But the prejudice will follow you. What will save you is tacking into the love of the work, into the desire that brought you there in the first place. This creates a suspension of time, opens a spacious room of your own in which you can walk around and consider your response. Staring prejudice in the face imposes a cruel discipline: to structure your anger, to achieve a certain dignity, an angry dignity.

Former software engineer and current author Ellen Ullman had a fabulously thoughtful op-ed in The New York Times about her experiences being female in the tech world, and speaking about the changes she’s noticed (not ones for the better, really) in the world of coding and software for women.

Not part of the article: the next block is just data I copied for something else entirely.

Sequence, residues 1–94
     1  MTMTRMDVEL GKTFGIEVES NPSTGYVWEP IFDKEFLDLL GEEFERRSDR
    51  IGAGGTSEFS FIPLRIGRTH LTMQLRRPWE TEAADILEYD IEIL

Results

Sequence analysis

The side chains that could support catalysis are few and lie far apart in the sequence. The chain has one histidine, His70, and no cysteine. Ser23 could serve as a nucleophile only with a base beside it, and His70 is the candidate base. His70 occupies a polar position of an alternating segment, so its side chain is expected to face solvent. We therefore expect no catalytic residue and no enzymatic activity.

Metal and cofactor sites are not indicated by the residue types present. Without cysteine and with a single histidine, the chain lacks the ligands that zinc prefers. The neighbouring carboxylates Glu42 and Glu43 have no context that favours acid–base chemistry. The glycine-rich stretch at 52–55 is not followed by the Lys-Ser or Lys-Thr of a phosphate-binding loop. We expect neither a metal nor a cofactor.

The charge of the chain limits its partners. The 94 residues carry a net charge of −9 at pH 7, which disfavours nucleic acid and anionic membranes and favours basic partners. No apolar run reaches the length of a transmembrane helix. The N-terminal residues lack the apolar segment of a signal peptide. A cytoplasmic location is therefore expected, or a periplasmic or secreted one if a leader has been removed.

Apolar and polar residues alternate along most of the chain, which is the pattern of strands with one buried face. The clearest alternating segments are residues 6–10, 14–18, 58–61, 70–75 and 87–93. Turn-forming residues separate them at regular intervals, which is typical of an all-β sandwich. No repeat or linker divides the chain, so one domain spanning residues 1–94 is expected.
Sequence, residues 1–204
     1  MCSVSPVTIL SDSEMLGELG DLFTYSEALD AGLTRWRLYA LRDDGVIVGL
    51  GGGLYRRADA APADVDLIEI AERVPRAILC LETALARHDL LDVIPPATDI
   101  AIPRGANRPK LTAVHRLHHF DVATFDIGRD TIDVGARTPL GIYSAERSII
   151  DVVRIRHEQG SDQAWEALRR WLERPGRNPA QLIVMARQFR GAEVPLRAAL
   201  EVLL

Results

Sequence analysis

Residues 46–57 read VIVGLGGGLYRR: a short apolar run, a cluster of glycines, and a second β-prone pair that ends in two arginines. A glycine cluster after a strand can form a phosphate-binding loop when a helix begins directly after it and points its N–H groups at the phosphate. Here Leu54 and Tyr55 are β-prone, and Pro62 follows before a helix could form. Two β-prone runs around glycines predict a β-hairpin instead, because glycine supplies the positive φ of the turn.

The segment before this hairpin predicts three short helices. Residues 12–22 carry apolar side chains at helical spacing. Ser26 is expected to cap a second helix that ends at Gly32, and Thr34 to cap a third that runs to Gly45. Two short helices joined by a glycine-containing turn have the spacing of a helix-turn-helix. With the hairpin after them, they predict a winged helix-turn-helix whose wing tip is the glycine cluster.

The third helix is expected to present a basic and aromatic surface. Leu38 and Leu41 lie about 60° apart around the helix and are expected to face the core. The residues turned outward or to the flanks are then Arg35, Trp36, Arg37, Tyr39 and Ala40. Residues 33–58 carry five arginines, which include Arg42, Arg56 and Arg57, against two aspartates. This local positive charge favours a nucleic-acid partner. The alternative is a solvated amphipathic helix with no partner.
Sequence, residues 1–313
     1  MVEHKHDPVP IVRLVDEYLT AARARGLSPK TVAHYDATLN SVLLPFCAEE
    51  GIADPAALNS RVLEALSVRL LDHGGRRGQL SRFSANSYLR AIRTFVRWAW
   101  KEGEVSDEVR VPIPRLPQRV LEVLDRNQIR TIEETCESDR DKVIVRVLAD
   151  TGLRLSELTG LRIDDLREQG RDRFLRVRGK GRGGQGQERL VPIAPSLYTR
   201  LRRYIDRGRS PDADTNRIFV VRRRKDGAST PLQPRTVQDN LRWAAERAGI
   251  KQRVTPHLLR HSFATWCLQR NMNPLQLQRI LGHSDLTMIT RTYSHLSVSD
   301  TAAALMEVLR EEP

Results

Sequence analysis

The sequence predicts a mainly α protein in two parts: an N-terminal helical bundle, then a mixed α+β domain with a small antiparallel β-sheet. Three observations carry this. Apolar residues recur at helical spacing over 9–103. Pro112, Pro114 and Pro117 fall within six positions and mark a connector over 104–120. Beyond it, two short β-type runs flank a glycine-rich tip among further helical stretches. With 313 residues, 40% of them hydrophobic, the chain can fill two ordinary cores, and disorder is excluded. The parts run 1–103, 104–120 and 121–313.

I love this last paragraph (the one quoted above) in particular, partly because it’s so real but also so genuinely hopeful. It has real promise but it casts no illusions over what it means to be female in any sort of man’s world. Ullman is talking about a prejudice that women far afield from the world of coding can instantly understand. It may not be phrased identically, but the language of dismissal, neglect and prejudice is at its heart universally recognizable and understood, as is the process of structuring the reaction to it. 

Definitely read the full op-ed.

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